I have 10 promotional codes that I want users to send to their friends, but I want the users to understand that I need them to send one code to every friend.... I mean this:

I have 10 codes, suppose this: AAA, BBB, CCC, DDD, EEE, FFF, GGG, HHH, III and JJJ.

I want the user to select 10 friends and send AAA to friend 1, BBB to send 2, etc.

When I say "Send one of these codes to every one of your friends", it seems to me that the user will understand that he/she has to send AAA to all friends, or all 10 codes to all friends.

What is the best phrase to say to make it clear that is one of the codes to one friend, another code to another friend, etc., up to 10 friends?



The problem here is that English doesn't have any grammatical mechanism for specifying the link between one of these codes and every one of your friends. One way to unambiguously specify the requirement would be...

Send a different code to each of your friends.

Note that taking this sentence in isolation, "different" can only mean each friend gets a different code to all the others. But there could be other contexts, for example...

He didn't use the code I gave him! He sent a different code to all his friends!

...would probably be interpreted as meaning only one code value was sent (that was different to the correct one). But in my first example there are no other codes involved, so it's unambiguous that the difference applies to the codes each friend gets sent.

  • apparently you have misinterpreted my phrase 😃... I don't want them to send one code to all. I want them to send code 1 to friend 1, code 2 to friend 2, etc... giving one code to one friend until all 10 codes are sent... – SpaceDog Feb 2 '13 at 23:04
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    @Digital Robot: That just goes to show how unclear such situations can be! Actually, since I knew there were two interpretations, I didn't bother trying to figure out from your text which one you intended - I just looked at the first answer (which you've accepted) and misinterpreted that! I'll change my text to unambiguously reflect what you want. – FumbleFingers Feb 2 '13 at 23:22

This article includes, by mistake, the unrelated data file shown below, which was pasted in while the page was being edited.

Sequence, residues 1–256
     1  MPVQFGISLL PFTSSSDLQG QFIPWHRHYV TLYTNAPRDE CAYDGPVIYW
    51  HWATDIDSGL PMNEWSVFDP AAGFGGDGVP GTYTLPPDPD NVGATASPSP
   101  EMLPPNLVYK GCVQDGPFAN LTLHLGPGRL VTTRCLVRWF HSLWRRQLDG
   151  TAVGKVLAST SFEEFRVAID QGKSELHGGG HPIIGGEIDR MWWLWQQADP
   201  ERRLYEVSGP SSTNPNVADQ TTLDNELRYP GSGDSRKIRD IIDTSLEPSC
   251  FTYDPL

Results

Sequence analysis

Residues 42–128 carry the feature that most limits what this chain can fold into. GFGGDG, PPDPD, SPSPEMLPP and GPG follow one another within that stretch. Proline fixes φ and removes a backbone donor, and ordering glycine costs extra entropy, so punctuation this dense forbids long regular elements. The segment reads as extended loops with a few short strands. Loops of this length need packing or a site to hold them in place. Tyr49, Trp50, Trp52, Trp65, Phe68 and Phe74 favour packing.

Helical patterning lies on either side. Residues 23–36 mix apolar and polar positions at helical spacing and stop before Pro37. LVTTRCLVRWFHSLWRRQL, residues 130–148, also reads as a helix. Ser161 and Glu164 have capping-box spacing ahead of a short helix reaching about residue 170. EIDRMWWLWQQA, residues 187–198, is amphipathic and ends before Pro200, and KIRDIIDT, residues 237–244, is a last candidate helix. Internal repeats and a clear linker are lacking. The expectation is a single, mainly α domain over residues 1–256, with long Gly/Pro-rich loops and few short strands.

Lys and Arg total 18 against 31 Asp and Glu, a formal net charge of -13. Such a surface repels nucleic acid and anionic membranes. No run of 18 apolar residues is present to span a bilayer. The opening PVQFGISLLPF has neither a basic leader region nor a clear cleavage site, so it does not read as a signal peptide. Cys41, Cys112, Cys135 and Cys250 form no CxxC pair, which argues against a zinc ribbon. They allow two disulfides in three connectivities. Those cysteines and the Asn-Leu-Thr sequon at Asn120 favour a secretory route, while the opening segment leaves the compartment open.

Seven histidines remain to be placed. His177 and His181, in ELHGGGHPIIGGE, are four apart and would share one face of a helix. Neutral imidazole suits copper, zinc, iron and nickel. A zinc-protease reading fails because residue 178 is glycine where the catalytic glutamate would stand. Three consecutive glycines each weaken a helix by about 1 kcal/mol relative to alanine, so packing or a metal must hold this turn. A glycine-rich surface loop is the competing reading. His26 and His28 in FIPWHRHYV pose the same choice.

• yes, I imagined that. This is why I have asked this, because I want it to be clear for the readers. Thanks. – SpaceDog Feb 2 '13 at 23:30
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    I've just looked at Andrew's answer more carefully. As he admits, his first version could be interpreted as meaning to send the complete list of codes to just one friend. His longer rephrasing avoids that problem, and might be preferable to my shorter version if it was really important that people realise they must only send each code to one person. But from your comment there, it wouldn't be a disaster if they got it wrong, so maybe you wouldn't want to make that big a deal of the matter. – FumbleFingers Feb 2 '13 at 23:47

Send each of these codes to a friend.

You may need to bolster that a bit:

Send each of these codes to a friend. But don't send the same code more than once.

That doesn't actually preclude one friend getting all the codes, although most people wouldn't do that. Presumably that wouldn't do any harm, even if it's not getting your message out as widely as you would like. The second sentence should stop people ending up sharing a code.

  • Thanks Andrew, that's a good idea, to use a second sentence to limit! and yes, if the user sends all codes to all friends will do no harm, but will be easier to their friends if one friend receives just one code. Fantastic idea of yours. T H A N K S ! ! ! – SpaceDog Feb 2 '13 at 16:57
  • Skeuomorphism can help: If you call them keys rather than codes, you can say "send a diferent key to each of your friends." and the metaphor will promote correct behavior. – Wayfaring Stranger Feb 2 '13 at 19:35
  • @WayfaringStranger - I don't get this. Care to explain? English is not my natural language. – SpaceDog Feb 2 '13 at 23:34
  • @Digitsl Robot. A key is often a physical object, like a house key. If you give house keys out to your friends, you give each a different one. A code is just a sequence of glyphs. In this digital age, you can easily give out the same sequence to hundreds of friends. You're looking to encourage people to treat your code as they would a house key, not some password they can email a copy to everyone they've ever friended. – Wayfaring Stranger Feb 3 '13 at 22:12

Send one of these codes to every one of your friends

By saying "every one of your friends" the recipient may think they have to send the codes to everyone in their address book.

Send one individual code to each of your ten friends.

Here we define that each code is individual and it also states the number of codes and friends.

  • thanks. Nice thinking. Yes, they may think they have to send it to all address book. Thanks. – SpaceDog Feb 2 '13 at 17:27

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